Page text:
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Malcontents


Malcontents are easily confused with revolutionaries. Both types of people are dissatisfied with the present system. But malcontents do not have a positive alternative.

Malcontents listen to what the revolutionaries say, compliment them, and ask for more. But when they are offered a uniform and weapon, their true colours become apparent.

Malcontents make the common assumption that they need only prove everyone else wrong, and it makes them right by default. The appeal of the teachings of Jesus is that they can be used to prove everyone else wrong. But the truth is that the teachings of Jesus also prove the malcontents to be wrong.

There is only one way to become "right" and that is to start obeying those same teachings... something malcontents will never do.

Malcontents include loners with personality disorders who turn up at various denominational meetings long enough to find something to criticise, but who never stay around long enough to offer constructive support in overcoming the same problems that they criticise.

But we have noticed a lot of other forms of malcontent as well:

Protestants have earned their name by protesting against things they didn't like in the Catholic Church or in other protestant denominations. To their credit, they have at least succeeded in getting together another group. But often the primary message of the new group is just to tell you what is wrong with the others.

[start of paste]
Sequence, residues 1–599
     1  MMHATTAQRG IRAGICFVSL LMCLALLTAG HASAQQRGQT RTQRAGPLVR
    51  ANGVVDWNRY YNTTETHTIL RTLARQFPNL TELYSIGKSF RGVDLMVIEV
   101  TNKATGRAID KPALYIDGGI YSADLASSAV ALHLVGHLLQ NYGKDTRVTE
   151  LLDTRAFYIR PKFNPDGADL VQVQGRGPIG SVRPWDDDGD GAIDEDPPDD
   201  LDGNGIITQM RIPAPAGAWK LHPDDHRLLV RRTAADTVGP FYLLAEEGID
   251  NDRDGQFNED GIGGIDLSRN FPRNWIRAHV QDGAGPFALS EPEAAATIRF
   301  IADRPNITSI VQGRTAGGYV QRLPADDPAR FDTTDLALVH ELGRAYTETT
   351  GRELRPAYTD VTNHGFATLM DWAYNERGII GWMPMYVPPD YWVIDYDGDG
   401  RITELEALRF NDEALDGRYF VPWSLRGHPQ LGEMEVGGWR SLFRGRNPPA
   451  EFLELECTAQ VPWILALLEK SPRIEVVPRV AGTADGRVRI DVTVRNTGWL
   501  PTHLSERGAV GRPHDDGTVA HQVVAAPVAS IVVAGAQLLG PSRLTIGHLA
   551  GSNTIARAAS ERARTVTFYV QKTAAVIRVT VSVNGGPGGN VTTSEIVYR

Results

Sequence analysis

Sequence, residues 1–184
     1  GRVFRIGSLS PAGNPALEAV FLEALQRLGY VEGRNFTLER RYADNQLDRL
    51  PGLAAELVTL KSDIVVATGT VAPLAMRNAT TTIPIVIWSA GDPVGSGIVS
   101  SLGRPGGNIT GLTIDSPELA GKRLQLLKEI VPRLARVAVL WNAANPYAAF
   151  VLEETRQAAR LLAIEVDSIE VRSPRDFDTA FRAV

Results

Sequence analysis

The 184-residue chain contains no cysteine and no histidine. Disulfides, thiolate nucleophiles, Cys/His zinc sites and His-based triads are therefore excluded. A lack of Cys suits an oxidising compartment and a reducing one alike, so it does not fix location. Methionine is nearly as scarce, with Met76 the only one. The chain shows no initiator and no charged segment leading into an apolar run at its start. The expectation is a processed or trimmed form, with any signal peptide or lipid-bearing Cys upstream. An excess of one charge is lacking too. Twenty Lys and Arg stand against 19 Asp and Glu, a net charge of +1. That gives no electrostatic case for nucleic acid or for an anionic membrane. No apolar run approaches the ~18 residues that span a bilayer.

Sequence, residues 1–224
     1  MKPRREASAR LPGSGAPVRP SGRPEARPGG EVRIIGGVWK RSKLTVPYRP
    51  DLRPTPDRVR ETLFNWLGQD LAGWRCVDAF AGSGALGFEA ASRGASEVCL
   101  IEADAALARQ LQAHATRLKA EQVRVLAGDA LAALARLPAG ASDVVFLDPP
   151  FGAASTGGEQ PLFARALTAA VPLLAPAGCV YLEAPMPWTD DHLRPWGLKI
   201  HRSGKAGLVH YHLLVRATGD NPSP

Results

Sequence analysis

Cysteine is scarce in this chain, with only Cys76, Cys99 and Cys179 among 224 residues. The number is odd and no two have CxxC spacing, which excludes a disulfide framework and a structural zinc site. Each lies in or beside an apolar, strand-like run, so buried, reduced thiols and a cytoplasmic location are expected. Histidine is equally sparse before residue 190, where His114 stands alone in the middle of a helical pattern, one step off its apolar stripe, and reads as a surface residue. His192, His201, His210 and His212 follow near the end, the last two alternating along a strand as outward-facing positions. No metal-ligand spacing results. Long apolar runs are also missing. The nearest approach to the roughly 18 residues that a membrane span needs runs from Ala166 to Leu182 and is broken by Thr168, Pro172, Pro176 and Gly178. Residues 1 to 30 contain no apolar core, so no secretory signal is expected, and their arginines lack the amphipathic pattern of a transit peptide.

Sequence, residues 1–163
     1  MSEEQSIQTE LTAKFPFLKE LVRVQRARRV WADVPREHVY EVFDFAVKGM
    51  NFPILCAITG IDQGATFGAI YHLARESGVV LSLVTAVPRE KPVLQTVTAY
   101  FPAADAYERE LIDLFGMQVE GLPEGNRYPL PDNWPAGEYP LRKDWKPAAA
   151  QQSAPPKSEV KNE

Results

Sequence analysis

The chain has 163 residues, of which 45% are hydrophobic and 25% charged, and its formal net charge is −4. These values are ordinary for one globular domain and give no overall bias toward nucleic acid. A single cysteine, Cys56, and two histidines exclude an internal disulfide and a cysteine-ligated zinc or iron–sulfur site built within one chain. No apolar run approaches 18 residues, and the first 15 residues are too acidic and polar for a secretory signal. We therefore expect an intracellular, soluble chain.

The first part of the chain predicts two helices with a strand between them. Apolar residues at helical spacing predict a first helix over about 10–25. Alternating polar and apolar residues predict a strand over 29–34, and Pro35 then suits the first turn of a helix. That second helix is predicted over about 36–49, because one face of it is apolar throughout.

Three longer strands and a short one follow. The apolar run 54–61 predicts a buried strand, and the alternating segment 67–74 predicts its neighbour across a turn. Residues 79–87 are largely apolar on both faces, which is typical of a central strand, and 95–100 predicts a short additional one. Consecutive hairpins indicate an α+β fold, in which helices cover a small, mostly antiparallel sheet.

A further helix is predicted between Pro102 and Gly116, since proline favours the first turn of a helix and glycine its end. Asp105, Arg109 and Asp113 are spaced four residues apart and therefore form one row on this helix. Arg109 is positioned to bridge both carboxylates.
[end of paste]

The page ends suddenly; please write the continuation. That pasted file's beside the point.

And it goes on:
In our experience, the best examples of denominational malcontents in Australia are Baptists. Often their only way of relating to you is to ask what you think about everyone else: What do you think about Mormons? What's your opinion of the New Age movement? Where do you stand on Christadel-phians? and so on.

By keeping the spotlight on everyone else, they assume it exempts themselves from criticism.

This is the reasoning behind cult-busting. By constantly attacking others, they create an image of themselves as being spotless crusaders for truth. Cult-busters are little more than institutionalised malcontents.

Similarly, people who feel inspired to give us heresy tests ("What do you think about the Trinity? How is a person saved? Have you been filled with the Holy Spirit? Do you believe the Bible is the Word of God?") when they see us distributing tracts, are acting like the supervisor while we do the work.

We really don't owe them answers to any of these questions; rather, they should be the ones explaining to us why we should regard them as Christians. We are the ones out there taking the initiative in sharing our faith... not them.

Remember, it takes more than criticisms of us or other groups to make you right. Until such people can demonstrate in their own lives a better way to get the job done, we're really not interested.

(See also Loose Cannons.)

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